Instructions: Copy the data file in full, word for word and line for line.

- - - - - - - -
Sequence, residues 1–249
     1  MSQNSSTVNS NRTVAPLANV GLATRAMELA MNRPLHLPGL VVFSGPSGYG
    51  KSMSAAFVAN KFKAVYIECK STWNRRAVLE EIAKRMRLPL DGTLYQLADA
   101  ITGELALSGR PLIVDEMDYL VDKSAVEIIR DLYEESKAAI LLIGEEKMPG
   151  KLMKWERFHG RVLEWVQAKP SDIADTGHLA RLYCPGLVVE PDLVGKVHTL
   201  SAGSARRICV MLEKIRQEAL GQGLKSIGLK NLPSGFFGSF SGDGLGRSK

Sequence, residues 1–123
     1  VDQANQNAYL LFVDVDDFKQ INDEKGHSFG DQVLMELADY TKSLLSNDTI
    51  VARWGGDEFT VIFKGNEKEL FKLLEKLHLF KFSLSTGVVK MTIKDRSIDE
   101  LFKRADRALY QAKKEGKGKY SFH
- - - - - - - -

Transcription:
Sequence, residues 1–249
     1  MSQNSSTVNS NRTVAPLANV GLATRAMELA MNRPLHLPGL VVFSGPSGYG
    51  KSMSAAFVAN KFKAVYIECK STWNRRAVLE EIAKRMRLPL DGTLYQLADA
   101  ITGELALSGR PLIVDEMDYL VDKSAVEIIR DLYEESKAAI LLIGEEKMPG
   151  KLMKWERFHG RVLEWVQAKP SDIADTGHLA RLYCPGLVVE PDLVGKVHTL
   201  SAGSARRICV MLEKIRQEAL GQGLKSIGLK NLPSGFFGSF SGDGLGRSK

Sequence, residues 1–123
     1  VDQANQNAYL LFVDVDDFKQ INDEKGHSFG DQVLMELADY TKSLLSNDTI
    51  VARWGGDEFT VIFKGNEKEL FKLLEKLHLF KFSLSTGVVK MTIKDRSIDE
   101  LFKRADRALY QAKKEGKGKY SFH